MADISON – The Wisconsin Department of Natural Resources is reminding snowmobilers that safety is an important part of the ride and is asking all riders to know and review Wisconsin’s snowmobile safety rules and regulations before heading out this winter.
Between January and March 2021, there were 13 snowmobile fatalities in Wisconsin, with alcohol, excess speed, driver inexperience and operator error as the leading causes.
“It’s important to think smart before you start,” said Lt. Martin Stone, DNR Off-Highway Vehicle Administrator. “Winter’s fluctuating temperatures, snowfalls and snow melts can cause unsafe conditions on snowmobile trails. The DNR does not monitor conditions and we suggest snowmobilers contact local fishing clubs, snowmobile clubs or outfitters to ask about the ice conditions in your area.”
-There is no such thing as 100% safe ice. Snowmobilers cannot judge ice strength by factors like appearance, age, thickness or temperature, especially when the ice is snow-covered.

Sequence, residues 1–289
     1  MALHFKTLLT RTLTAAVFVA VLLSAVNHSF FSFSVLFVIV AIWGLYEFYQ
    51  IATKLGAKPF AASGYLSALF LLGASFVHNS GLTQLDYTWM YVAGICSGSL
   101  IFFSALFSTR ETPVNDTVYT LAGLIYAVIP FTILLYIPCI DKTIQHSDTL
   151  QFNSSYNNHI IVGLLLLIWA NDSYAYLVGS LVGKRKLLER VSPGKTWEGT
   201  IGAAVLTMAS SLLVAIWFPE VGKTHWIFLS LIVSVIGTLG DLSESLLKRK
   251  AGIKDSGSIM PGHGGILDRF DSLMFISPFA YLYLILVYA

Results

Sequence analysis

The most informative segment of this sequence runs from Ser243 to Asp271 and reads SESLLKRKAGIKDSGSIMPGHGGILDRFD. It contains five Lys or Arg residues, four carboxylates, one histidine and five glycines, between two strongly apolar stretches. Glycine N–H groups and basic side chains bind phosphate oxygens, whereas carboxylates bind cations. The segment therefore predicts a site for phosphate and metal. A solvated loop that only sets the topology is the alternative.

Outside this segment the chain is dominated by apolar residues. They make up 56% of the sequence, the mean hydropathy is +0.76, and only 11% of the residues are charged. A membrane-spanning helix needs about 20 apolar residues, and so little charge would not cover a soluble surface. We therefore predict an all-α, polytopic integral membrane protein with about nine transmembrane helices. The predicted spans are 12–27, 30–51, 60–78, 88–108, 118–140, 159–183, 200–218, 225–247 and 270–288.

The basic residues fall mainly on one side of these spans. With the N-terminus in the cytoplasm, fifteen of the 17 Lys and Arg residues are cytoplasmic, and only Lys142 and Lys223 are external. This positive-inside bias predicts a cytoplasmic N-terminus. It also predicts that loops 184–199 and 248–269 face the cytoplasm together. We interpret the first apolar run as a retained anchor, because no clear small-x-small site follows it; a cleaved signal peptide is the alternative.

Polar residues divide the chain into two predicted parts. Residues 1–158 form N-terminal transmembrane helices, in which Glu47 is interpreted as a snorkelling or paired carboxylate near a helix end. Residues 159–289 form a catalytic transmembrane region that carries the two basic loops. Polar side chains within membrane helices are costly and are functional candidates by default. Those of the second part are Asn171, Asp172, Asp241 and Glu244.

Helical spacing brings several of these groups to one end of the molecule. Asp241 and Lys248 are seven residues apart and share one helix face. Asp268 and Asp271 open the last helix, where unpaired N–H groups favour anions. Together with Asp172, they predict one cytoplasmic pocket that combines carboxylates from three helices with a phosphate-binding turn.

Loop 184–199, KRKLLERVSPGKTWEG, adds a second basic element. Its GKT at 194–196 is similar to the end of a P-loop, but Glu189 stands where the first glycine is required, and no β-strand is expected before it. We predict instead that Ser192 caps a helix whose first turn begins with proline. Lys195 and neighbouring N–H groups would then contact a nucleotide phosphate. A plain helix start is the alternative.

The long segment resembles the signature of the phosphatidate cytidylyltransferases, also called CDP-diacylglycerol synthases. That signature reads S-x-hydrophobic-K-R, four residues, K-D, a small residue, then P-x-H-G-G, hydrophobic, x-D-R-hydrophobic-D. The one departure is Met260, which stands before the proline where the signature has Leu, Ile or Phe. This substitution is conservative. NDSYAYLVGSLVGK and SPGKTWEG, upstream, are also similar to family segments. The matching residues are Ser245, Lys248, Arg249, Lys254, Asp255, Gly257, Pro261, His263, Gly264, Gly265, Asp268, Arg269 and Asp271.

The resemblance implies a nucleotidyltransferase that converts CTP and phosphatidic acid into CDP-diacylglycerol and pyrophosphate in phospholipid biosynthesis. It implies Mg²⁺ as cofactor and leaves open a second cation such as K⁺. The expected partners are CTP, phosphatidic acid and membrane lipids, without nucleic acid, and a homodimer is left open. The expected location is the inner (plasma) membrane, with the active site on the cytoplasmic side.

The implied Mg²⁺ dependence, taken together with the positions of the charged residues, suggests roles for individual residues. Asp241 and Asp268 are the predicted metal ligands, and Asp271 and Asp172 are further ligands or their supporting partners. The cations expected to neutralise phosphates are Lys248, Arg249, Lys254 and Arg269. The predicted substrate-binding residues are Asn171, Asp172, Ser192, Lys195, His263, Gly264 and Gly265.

-There is a 55 mph speed limit when traveling at night. Do not overdrive what headlights can illuminate, such as trail markers or hazards.
-Any person who is at least 12 years old born on or after Jan. 1, 1985, is required to have a valid Snowmobile Safety Certificate in order to operate a snowmobile in most areas. Operators must carry the certificate while riding and display it to a law enforcement officer when requested. Visit the DNR Safety Education webpage for details and to locate a class or take an online course.
Other common sense tips include don’t drink and ride, stay on marked trails, always wear a helmet and safety gear and travel with a friend, carry a cell phone and let people know where you are going and when you’ll return home.
Anyone with information regarding natural resource violations, including unsafe snowmobile operation, may confidentially report by calling or texting: VIOLATION HOTLINE: 1-800-TIP-WDNR or 1-800-847-9367. The hotline is available 24 hours a day, seven days a week.
The Sentinel & Rural News covers the news and events of Clark County and southern Taylor County, as well as regional news that affects those areas.